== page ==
His reductive approach causes him to miss a delicious irony.
In a weekend essay in the Des Moines Register, Iowa State Physics Professor John Hauptman explains that ISU astronomer Guillermo Gonzalez was denied tenure because Gonzalez argued that a purposive cause is the best explanation for certain features of our cosmic habitat. By this standard, Hauptman will also need to fire many of the most esteemed physicists and astronomers of our day, as well as the founders of modern science. Hauptman and his fellow thought police at Iowa State have their summer work cut out for them.
Following his May 16 piece, Lawrence Selden has more incisive commentary on the Guillermo Gonzalez denial of tenure scandal at Iowa State University: Is the faculty at Iowa State University intellectually insecure? The statement of two years ago signed by 120 members of the faculty perhaps suggests that, especially when compared with the actions of other schools and faculties. I wonder if they are afraid that others will think they are backward country bumpkins for allowing someone who is interested in exploring intelligent design on the faculty. Harvard University is not ashamed of Owen Gingerich, who had this to say about Gonzalez’ book The Privileged Planet:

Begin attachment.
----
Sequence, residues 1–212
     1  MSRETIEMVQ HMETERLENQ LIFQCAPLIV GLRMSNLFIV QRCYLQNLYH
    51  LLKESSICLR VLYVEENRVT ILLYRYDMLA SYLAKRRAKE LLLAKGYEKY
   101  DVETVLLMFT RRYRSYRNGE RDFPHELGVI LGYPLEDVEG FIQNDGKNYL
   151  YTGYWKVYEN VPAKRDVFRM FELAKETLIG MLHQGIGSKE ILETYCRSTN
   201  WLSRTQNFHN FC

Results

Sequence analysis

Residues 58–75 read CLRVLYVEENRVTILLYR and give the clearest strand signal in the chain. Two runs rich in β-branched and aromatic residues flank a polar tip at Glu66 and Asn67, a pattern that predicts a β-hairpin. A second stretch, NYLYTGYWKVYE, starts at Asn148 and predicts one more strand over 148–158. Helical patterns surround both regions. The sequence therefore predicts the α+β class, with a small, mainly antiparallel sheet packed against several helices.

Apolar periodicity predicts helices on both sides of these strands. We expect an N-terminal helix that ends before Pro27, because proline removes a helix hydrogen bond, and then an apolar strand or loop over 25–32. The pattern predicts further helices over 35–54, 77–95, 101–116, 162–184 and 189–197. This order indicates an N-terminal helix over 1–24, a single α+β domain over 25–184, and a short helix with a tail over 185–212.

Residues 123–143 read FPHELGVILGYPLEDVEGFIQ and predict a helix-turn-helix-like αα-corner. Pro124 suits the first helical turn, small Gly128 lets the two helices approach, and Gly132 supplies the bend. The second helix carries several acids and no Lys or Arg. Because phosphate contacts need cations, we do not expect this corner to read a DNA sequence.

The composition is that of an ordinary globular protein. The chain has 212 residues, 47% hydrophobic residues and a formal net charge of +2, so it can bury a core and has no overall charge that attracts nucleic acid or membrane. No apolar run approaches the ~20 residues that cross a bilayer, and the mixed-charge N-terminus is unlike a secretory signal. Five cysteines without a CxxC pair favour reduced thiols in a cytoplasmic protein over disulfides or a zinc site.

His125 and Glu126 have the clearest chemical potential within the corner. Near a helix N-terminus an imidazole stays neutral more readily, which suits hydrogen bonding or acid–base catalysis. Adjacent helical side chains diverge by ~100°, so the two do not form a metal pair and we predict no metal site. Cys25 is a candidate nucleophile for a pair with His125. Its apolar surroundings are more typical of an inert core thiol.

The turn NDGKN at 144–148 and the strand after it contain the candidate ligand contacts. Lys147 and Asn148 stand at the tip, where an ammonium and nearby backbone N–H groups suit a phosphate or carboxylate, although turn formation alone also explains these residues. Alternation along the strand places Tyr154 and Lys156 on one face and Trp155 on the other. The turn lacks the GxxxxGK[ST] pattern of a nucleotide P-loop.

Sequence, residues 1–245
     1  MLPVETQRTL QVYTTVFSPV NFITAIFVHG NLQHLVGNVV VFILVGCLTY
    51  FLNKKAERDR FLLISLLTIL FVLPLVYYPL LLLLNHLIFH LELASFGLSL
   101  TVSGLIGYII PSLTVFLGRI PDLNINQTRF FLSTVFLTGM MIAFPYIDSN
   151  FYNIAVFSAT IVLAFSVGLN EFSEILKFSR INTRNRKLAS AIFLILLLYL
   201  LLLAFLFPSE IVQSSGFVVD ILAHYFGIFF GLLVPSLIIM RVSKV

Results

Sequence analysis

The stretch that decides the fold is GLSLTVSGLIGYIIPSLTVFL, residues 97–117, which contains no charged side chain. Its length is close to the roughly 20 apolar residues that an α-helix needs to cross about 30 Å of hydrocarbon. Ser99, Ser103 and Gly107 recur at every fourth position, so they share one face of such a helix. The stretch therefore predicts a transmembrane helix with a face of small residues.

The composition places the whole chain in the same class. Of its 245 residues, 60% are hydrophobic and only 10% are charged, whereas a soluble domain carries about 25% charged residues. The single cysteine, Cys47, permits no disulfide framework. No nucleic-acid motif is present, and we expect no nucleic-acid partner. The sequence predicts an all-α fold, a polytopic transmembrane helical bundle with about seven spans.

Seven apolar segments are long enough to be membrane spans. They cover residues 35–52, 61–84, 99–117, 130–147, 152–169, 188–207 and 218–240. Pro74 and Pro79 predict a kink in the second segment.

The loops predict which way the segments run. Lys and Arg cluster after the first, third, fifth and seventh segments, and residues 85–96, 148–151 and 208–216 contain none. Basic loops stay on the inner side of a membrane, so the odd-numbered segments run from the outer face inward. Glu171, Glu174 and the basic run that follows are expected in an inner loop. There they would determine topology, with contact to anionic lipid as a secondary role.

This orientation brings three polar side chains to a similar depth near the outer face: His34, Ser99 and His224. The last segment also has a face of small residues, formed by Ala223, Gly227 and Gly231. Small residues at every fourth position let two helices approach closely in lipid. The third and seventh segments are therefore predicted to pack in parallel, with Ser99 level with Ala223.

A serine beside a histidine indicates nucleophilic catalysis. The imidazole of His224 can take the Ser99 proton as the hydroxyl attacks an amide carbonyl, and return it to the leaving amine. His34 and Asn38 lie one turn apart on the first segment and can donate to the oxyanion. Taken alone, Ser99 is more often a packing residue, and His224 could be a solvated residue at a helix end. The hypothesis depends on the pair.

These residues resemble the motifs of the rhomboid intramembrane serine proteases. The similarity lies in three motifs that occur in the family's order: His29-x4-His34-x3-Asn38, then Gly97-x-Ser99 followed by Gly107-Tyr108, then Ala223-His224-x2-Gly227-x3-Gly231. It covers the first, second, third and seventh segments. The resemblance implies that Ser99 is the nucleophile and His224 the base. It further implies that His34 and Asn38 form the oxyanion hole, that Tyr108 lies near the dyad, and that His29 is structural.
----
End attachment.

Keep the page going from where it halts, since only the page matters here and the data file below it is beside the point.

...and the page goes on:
Science Daily reports: Researchers from the J. Craig Venter Institute (JCVI) today announced the publication of several studies from the Sorcerer II Global Ocean Sampling Expedition (GOS) in PLoS Biology detailing the discovery of millions of new genes, thousands of new protein families and specifically the characterization of thousands of new protein kinases from ocean microbes using whole environment shotgun sequencing and new computational tools. This is extraordinary and exciting research, but what does any of this have to do with evolution news?
[Edited] Bilbo of Telic Thoughts … [references] an early, notable use of the term “intelligent design,” this one by one of the 20th century’s leading scientists, agnostic Fred Hoyle: On January 12th, 1982, Sir Fred Hoyle delivered the Omni Lecture at the Royal Institution, London, entitled “Evolution from Space,” which was later reprinted in a book by the same title … In it he discussed the overwhelming improbability of getting the enzymes needed for even the simplest form of life to function by chance. … The difference between an intelligent ordering, whether of words, fruit boxes, amino acids, or the Rubik cube, and merely random shufflings can be fantastically large, even as large as a number that would fill the Read More ›